Second of all I want to tell you all the things I have happily done with every single visitor, and because I love these quintessential Moscow experiences so much I have done them many times on my own or with local friends. Moscow experiences that I NEVER tire of sharing. At this point, I’m a pretty good tour guide myself, and if you are here over a weekend you can add in Anthony – fluent Russian Speaker who gets the best bargains at the market.
I’m happy to go again and again to:
River boat ride (and if you look again at my bucket list, I still have not done it in the winter)
Gorky Park – fountains in the summer, skating in the winter (and if you don’t skate you can walk the high-rise boardwalks and watch the skaters)
Walking in our neighbourhood along the river
Novodevichy Convent, park, cemetery
Biking along the river (again not in the winter unless you are Anthony Godfrey)
Museums and galleries (too many to mention)
Concerts, ballets, opera (again too many to mention)
Restaurants – where do I start?
Well…it’s almost winter, I hear you say, and you don’t like the cold. Well, not many people like the cold, but let me tell you that nobody does cold weather better that the Russians. All of the sights can be enjoyed at any time of year and winter here is something really special – I say this NOT with tongue in cheek. There is no predicting what there will be to enjoy outside. Heated out-door markets. Ice-slides at Red Square. Countless ice-rinks. Tubing and ice-sculptures at Victory Park. The city lights up and it is hard to tell the day from the night (mostly because there is not much day, so they really illuminate the nights). Photos just don’t do it justice.
Spring and early summer are spectacular, though admittedly it is hard to predict when spring will actually begin. That’s when the city shakes off the memories of the long, cold winter and the same army of city employees who were out shoveling snow are out planting a blaze of color. Again, it’s hard to tell day from night, but that’s because there is not too much night…
Do I have a favourite time of year? I have favourites for each time of year. In the spring and summer it’s probably the same as any other city – the clear blue skies, sloughing off of the winter months, an occasional drop in temperature with even a snowfall (so you don’t get too complacent), the appearance of color and green. Walks along the river, sitting outside, fountains, and trees.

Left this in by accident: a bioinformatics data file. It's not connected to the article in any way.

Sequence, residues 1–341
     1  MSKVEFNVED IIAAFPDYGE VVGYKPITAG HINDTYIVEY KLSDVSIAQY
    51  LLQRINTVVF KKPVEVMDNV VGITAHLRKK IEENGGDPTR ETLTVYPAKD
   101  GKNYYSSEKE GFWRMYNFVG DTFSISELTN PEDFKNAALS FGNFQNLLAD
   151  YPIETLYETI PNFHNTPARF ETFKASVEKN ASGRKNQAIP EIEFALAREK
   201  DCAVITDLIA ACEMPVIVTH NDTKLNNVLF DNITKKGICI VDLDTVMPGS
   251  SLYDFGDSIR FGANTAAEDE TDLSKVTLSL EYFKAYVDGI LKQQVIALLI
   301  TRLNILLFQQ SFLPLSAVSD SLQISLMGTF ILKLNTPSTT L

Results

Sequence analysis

The autumn comes fast. Blink and you miss the changing colors, softening of the light, carpets of leaves (because they rake them almost as fast as they fall), and that perfect temperature outside when a sweater and boots is enough. The first drop below zero, the warning that you really should pull out that winter gear, but then you get another reprieve (like today) when a hat is too much and gloves not really necessary, and the long weekend means the carpet of yellow on green will be there for a few more days.
But the winters here have captured my senses like nowhere else I have ever lived. Cold like I have never known. Cold that freezes the hairs inside your nose and your tears as they run down your cheeks. Cold that catches your breath and numbs your face. Cold that puffy coats, Kamik boots, and fur-lined hoods were made to withstand, but still don’t quite hack it if you stay out longer than…well…too long. Crunchy footfalls. Six-sided snowflakes on your coat. Breathtaking scenery and crisp, clean air.
Snow on the ground for months at a time. Snow that piles up in drifts and into which anything left on the ground (balls, scooters, trash, dog-poop) disappears, freezes, and reappears in a sludgy mess when the big melt finally comes in April…or May. Snow that piles up in mountains along the streets and is magically whisked away by an army of snowploughs, trucks, frontloaders, and snow-removing machines for which I don’t know the names – all working constantly to keep the city in business while winter rages on incessantly.
And then you go inside, light a fire, and admire it all from the inside.
There you have it. The same question I keep answering in many of my latest Blog posts. Why Moscow? Because we are still here. Because I guarantee you will not regret visiting, and you might just regret it if you don’t.